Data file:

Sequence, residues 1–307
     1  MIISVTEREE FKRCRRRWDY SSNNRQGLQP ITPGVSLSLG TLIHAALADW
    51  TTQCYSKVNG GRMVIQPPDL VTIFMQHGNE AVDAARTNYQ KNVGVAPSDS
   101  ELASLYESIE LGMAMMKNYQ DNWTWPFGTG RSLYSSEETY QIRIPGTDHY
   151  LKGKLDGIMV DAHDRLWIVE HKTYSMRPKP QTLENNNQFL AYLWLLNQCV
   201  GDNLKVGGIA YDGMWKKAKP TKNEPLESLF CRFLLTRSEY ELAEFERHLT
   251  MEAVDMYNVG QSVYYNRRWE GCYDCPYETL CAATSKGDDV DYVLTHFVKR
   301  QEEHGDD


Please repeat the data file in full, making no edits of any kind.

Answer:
Sequence, residues 1–307
     1  MIISVTEREE FKRCRRRWDY SSNNRQGLQP ITPGVSLSLG TLIHAALADW
    51  TTQCYSKVNG GRMVIQPPDL VTIFMQHGNE AVDAARTNYQ KNVGVAPSDS
   101  ELASLYESIE LGMAMMKNYQ DNWTWPFGTG RSLYSSEETY QIRIPGTDHY
   151  LKGKLDGIMV DAHDRLWIVE HKTYSMRPKP QTLENNNQFL AYLWLLNQCV
   201  GDNLKVGGIA YDGMWKKAKP TKNEPLESLF CRFLLTRSEY ELAEFERHLT
   251  MEAVDMYNVG QSVYYNRRWE GCYDCPYETL CAATSKGDDV DYVLTHFVKR
   301  QEEHGDD